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First Aid - Introduction

Accidents do happen, and it is important that you know what to do when they do. Read this now. If your cat gets seriously hurt, you want to have this information already on hand. The first and most important thing is, how quickly can you contact a vet's clinic? In an emergency you should phone the vet immediately. Do you have that phone number at hand? The veterinary clinic will be able to advise you as to the best way to proceed but until the vet gets to you, or your cat is in a fit state to travel to the vet, you will probably need to carry out some first aid by yourself. It is therefore a good idea to keep a basic first aid kit at home.

  1. Adhesive plaster (in a roll)
  2. Bandages (2.5 cm and 5 cm wide)
  3. Gauze pads
  4. Cotton wool
  5. Curved blunt-ended scissors
  6. Absorbent paper towels
  7. A bottle of sterile water
  8. A warm blanket

Fist aid kit

In an emergency, remember that the cat will be under stress and is likely to bite or scratch. So take care when handling the patient (we have found motorbike gauntlets helpful in the past). If your cat does bite you, make sure that you get the wound seen to, since cat bites can easily set off an infection. When dealing with an injured cat don't make any sudden movements and make as little noise as possible. If the cat has been involved in an accident, first remove it to a safe place (e.g. out of the traffic, though make sure the road is safe, no matter how urgently you want to help). If a cat has been electrocuted, never approach, since it is likely that the power line is still live. Call the police and wait for their response. If the cat is electrocuted inside the house first switch off the electricity at the mains. (Even moving the cat off the power source with a dry wooden broom may not be completely safe.) Always think about your safety first.

Never give the cat human medicines since they can be very dangerous for the cat's different metabolism. For example, an aspirin will seriously poison your cat.

If the cat has breathing difficulties, especially if it is breathing with an open mouth, handle it very gently since this often indicates a serious internal injury.

If the cat is particularly restless and difficult to handle, you can use a blanket and gently wrap her in it before taking her to the vet.

When is the injury an emergency?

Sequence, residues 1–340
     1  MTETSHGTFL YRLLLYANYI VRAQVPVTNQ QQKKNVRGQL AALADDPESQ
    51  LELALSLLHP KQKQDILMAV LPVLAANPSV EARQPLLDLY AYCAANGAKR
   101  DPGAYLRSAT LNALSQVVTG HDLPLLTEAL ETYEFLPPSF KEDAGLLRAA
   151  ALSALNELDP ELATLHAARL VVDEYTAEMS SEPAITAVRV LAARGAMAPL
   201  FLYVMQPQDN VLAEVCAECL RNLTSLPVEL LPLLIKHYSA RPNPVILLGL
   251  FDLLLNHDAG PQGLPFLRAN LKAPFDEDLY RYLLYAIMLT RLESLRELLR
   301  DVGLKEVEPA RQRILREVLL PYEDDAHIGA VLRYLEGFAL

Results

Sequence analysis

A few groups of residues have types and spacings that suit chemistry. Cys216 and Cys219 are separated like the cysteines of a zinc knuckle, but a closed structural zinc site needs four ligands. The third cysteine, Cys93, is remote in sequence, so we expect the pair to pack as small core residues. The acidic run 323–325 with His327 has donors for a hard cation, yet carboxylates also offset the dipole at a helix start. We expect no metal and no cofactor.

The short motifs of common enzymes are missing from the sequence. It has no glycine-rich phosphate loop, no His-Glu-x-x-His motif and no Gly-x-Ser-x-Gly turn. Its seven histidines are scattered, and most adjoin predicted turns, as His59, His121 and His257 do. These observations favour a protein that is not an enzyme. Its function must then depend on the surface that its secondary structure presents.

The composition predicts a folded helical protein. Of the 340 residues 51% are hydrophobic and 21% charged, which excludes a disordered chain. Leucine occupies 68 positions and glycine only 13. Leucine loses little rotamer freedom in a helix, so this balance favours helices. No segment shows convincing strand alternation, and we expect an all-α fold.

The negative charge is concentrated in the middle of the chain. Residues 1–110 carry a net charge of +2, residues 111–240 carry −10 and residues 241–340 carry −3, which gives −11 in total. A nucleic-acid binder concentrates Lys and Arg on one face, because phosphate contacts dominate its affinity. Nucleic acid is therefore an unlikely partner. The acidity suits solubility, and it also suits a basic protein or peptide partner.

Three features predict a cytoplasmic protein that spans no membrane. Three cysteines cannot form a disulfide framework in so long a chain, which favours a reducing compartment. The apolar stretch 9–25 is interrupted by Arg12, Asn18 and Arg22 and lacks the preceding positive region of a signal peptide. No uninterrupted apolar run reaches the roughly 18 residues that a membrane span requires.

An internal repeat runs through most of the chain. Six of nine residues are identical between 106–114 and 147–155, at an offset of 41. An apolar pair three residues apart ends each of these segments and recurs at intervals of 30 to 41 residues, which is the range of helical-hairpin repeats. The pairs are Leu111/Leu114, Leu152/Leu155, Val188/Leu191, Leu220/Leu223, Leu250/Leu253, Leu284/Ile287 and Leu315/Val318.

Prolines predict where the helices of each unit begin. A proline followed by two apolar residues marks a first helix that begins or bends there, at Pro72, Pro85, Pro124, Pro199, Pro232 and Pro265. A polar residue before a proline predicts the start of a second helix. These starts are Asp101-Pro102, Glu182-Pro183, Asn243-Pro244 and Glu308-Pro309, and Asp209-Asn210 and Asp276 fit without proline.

It is not difficult to determine that a cat lying on the road after being hit by a car is an emergency, but not all cases are that severe, and we often ask, does my cat qualify for emergency treatment? This is particularly relevant when we have to seek help outside normal working hours and have to rely on emergency clinics. The simple answer is; if there's doubt it's an emergency, it is always better to be safe than sorry. Remember, cats see showing pain and discomfort as a sign of weakness and vulnerability, and often sucessfully hide quite severe pain or injury, so if your cat is in evident distress, something may well be seriously wrong. When you phone your veterinary clinic outside working hours you will probably get a message with the contact details of an emergency vet.

Below is a list of symptoms which require veterinary advice:

  1. Your cat seems to be in severe pain or discomfort
  2. She has great difficulty breathing, or is unconscious
  3. She vomits repeatedly
  4. She is weak and has difficulty in getting up and walking
  5. She appears to be unbalanced
  6. She is straining to go to the toilet but is unable to produce anything. This may be due to a blocked bladder, which can be life threatening if not treated quickly.
  7. She appears to be in a shock (rapid breathing, pale or white gums, rapid heartbeat).
  8. She is bleeding profusely (bright red blood spurting vigorously suggests arterial bleeding).

Note: This information is for guidance only. It is not intended to replace consultation with a licensed practitioner.


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